Rep. Steve King, R-Iowa, was stripped of his committee assignments by his fellow House Republicans Monday evening following bipartisan condemnation of King’s recent remarks on white supremacy and white nationalism.
"We will not tolerate this type of language in the Republican Party … or in the Democratic Party as well," House Minority Leader Kevin McCarthy, R-Calif., told reporters. "I watched what Steve King said and we took action."
In a formal statement, McCarthy said King’s comments were "beneath the dignity of the Party of Lincoln and the United States of America. His comments call into question whether he will treat all Americans equally, without regard for race and ethnicity. House Republicans are clear: We are all in this together, as fellow citizens equal before God and the law. As Congressman King’s fellow citizens, let us hope and pray earnestly that this action will lead to greater reflection and ultimately change on his part.”
In a statement of his own, King insisted that his comments had been "completely mischaracterized" and blasted McCarthy for what King called "a political decision that ignores the truth." According to his website, King was previously a member of House committees on the judiciary, agriculture and small business.
King, 69, was already under fire from both parties over a series of racially charged remarks when he made the head-turning comments in a New York Times interview published last week.
“White nationalist, white supremacist, Western civilization — how did that language become offensive?” King asked the paper. “Why did I sit in classes teaching me about the merits of our history and our civilization?”
In his statement Monday, King insisted his use of "that language" was referring "ONLY to Western Civilization and NOT to any previously stated evil ideology ALL of which I have denounced.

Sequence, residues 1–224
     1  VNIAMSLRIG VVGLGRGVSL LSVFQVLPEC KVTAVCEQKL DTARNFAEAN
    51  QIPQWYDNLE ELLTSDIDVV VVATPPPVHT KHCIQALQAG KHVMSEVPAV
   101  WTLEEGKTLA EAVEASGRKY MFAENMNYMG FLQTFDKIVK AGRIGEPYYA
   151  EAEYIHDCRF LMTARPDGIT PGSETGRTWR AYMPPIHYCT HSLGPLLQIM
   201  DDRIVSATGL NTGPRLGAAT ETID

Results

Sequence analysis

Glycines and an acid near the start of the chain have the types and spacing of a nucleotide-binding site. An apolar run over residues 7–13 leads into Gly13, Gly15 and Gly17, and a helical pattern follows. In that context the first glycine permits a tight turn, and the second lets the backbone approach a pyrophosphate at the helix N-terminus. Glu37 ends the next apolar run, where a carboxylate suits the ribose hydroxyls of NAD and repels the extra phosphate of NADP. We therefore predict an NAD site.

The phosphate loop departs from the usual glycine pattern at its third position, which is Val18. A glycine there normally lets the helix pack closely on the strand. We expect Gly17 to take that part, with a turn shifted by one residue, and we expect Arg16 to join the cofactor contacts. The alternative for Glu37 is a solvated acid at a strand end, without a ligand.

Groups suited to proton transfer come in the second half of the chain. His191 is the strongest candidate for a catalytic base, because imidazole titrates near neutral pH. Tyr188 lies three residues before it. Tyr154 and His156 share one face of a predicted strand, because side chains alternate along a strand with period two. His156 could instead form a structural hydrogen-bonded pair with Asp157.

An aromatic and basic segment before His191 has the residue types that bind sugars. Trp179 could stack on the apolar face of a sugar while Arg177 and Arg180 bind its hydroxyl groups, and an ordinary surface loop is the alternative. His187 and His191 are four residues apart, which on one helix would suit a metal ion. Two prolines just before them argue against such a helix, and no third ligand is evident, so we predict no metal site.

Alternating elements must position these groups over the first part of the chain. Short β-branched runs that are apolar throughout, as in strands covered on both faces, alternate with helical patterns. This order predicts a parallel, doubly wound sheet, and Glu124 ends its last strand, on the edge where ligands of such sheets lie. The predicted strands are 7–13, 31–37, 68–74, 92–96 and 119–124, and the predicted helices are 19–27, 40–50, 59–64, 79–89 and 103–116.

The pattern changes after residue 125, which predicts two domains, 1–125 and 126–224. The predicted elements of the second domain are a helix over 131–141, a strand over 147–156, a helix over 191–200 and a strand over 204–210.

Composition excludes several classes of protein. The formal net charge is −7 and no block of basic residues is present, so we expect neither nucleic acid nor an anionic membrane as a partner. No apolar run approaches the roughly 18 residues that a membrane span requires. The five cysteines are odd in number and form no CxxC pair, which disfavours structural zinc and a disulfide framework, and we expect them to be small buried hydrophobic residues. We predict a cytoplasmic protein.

"My record as a vocal advocate for Western Civilization is nearly as full as my record in defense of Freedom of Speech," King concluded. " … I will continue to point out the truth and work with all the vigor that I have to represent 4th District Iowans for at least the next two years.”
The loss of King’s committee assignments may not be the end of his trouble. Earlier Monday, Reps. Bobby Rush, D-Ill., and Tim Ryan, D-Ohio, introduced separate censure resolutions against the Republican. Censure is one of three formal modes of punishment in the House. It is more severe than a reprimand, but not as severe as expulsion. The House has only censured 23 members in history, most recently, former Rep. Charlie Rangel, D-N.Y., in December 2010.
"Anything less [than censure] would be a slap on the wrist," Rush told reporters. "Steve King’s continual, serial, expression of hard, rabid racism must come to a screeching halt. This Congress must rise up and express its sentiment."
Senate Republicans also expressed their disgust with King, with Majority Leader Mitch McConnell, R-Ky., saying that if King “doesn’t understand why ‘white supremacy’ is offensive, he should find another line of work.”
“There is no place in the Republican Party, the Congress or the country for an ideology of racial supremacy of any kind,” McConnell said. “I have no tolerance for such positions and those who espouse these views are not supporters of American ideals and freedoms. Rep. King’s statements are unwelcome and unworthy of his elected position."
Sen. Mitt Romey, R-Utah, said King’s remarks "are his own and his exclusively and what he said was reprehensible and ought to lead to his resignation from Congress."
"I think it’s very clear that the party leadership is unified that Steve King is out of bounds and that he should no longer be serving in Congress," Romney said.
Last year, King tweeted “culture and demographics are our destiny” and said we “can’t restore our civilization with somebody else’s babies.”
In 2013, he commented that while he has some sympathy for some illegal immigrants, "they aren’t all valedictorians, they weren’t all brought in by their parents — for everyone who’s a valedictorian, there’s another 100 out there who weigh 130 pounds and they’ve got calves the size of cantaloupes because they’re hauling 75 pounds of marijuana across the desert."
Shortly before the 2018 midterm elections, in which King was running, Rep. Steve Stivers, R-Ohio, then the head of the GOP campaign committee, issued an extraordinary public denunciation of him.
King has already drawn a primary challenger for the 2020 election: Randy Feenstra, a GOP state senator.
Fox News’ Gregg Re, Jason Donner and The Associated Press contributed to this report.